Although in Hebrew the phrase ben porath is used twice, the first time it is translated as 'fruitful son,' and the second time, 'a fruitful vine' (Targum; Saadia Gaon; Sh'muel ben Chofni). Others see it as a repetition (Rashbam; Ibn Ezra).
Or 'branch' or 'bough' (Targum; Saadia Gaon; Ibn Ezra; Ramban; Sforno; cf. Psalms 80:16). Or, 'a handsome son' (Rashi); 'a noble, distinguished son' (Hirsch); 'a vine sending forth shoots' (Ibn Ezra); 'a young bull' (Bereshith Rabbah 98; cf. Deuteronomy 33:17); 'a son of cows' (referring to Pharaoh's dream; Genesis 41:2; Bereshith Rabbah 98); 'a young interpreter [of dreams]' (Aggadath Bereshith 73; Midrash Aggadah); 'a son suffering from treachery' (Bereshith Rabbah 78); or, 'a royal son' (Tzeror HaMor). In ancient Egyptian, porath or pereth is grain.
Or 'well' or 'spring' (Targum). Or 'like a fountain' (Lekach Tov); 'to the eye' (Rashi); 'away from the eye' (Berakhoth 20a)
(Ibn Ezra). Or 'daughters' (see note on Genesis 49:22, 'running' ).
Literally, 'striding' or 'strutting.' Some translate the two words as 'running branches' (Ibn Ezra). On the basis of Semitic cognates, some translate these two words as 'a wild colt,' but there is no traditional basis for this.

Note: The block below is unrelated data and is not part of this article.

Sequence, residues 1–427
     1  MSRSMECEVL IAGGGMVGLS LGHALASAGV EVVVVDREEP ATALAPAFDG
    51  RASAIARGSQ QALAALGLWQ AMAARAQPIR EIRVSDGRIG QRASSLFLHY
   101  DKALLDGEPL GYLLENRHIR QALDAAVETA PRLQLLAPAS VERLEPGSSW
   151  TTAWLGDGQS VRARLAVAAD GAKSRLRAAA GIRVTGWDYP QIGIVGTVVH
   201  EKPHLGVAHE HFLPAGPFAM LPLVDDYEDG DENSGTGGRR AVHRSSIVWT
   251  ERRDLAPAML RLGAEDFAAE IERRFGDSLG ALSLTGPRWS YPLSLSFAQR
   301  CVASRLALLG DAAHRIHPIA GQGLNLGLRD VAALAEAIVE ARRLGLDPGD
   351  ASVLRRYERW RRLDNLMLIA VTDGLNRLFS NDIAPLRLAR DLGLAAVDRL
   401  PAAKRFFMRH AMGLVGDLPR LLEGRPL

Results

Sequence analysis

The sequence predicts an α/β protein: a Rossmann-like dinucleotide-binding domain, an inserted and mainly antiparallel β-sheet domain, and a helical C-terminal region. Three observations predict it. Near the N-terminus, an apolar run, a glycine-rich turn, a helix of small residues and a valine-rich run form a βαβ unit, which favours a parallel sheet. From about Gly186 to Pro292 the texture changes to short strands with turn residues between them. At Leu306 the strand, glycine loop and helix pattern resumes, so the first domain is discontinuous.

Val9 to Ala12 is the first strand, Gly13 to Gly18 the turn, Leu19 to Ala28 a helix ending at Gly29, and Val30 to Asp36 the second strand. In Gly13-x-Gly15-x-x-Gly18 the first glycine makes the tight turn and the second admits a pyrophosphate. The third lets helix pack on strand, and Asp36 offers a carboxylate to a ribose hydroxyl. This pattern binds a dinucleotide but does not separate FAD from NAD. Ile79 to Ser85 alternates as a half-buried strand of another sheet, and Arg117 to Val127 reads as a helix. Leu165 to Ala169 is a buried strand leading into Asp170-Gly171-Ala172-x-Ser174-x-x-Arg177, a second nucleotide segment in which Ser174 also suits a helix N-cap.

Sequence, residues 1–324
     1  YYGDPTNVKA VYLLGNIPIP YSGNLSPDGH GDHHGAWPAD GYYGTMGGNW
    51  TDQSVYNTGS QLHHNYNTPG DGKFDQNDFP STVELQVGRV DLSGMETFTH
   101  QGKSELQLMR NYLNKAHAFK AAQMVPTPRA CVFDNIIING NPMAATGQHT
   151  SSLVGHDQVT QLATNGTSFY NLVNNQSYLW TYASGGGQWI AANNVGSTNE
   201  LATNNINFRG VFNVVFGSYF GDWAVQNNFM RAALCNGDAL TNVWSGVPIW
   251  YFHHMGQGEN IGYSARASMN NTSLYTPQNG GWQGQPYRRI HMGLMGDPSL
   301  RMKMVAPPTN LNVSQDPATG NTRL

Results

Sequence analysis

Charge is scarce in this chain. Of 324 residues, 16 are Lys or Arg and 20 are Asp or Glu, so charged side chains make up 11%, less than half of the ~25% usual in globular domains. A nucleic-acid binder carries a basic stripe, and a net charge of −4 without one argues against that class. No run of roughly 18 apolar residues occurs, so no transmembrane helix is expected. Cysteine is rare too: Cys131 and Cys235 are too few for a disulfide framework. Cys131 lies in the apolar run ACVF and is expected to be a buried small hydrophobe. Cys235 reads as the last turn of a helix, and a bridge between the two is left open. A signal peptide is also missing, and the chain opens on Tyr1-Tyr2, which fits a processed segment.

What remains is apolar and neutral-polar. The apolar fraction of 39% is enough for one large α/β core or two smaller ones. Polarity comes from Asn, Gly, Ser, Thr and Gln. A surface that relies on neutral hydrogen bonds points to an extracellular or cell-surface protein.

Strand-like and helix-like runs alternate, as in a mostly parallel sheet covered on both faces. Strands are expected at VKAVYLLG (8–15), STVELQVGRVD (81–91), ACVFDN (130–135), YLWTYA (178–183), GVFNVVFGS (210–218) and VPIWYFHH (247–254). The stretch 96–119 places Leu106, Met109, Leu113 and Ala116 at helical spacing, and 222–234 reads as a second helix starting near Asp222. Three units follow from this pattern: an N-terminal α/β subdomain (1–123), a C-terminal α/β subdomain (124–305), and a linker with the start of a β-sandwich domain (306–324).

(Rashi). Or, 'to see' (Rashi).
The verse can thus be rendered, 'Joseph is a handsome son, a son handsome to the eye; girls strode out to see him' (Bereshith Rabbah 98; Rashi); or 'young girls strode out on the wall [to see him]' (Targum Yonathan; Pirkey Rabbi Eliezer 39). Or, '[Your] daughters will walk the boundaries [of their own lands]' (Tanchuma, Pinchas 9; BaMidbar Rabbah 14:7, 21:12; alluding to the fact that among Joseph's descendants, women will be the first to inherit land; see Numbers 27:1, Joshua 17:6).
|made his life bitter|
(Rashi). Or, 'made him their target' (Ibn Ezra); or 'were treacherous to him' (Bereshith Rabbah 98).
Or 'quarreled' (Targum; Rashi). Or, 'shot at him' (Sekhel Tov; Ibn Ezra).
|masters of strife|
(Targum; Rashi; cf. Rashbam). Cf. Jeremiah 9:7, Proverbs 26:18,19. Or, 'expert bowmen' or 'masters of arrows' (Ibn Ezra).
|made him their target|
(Hirsch). Or 'attacked him' or 'were furious at him' (cf. Genesis 27:41). The verse can also be translated, 'Master bowmen hated him, they made him their target and shot at him' (Ibn Ezra); or 'Archers bitterly attacked him, they shot him and harassed him.'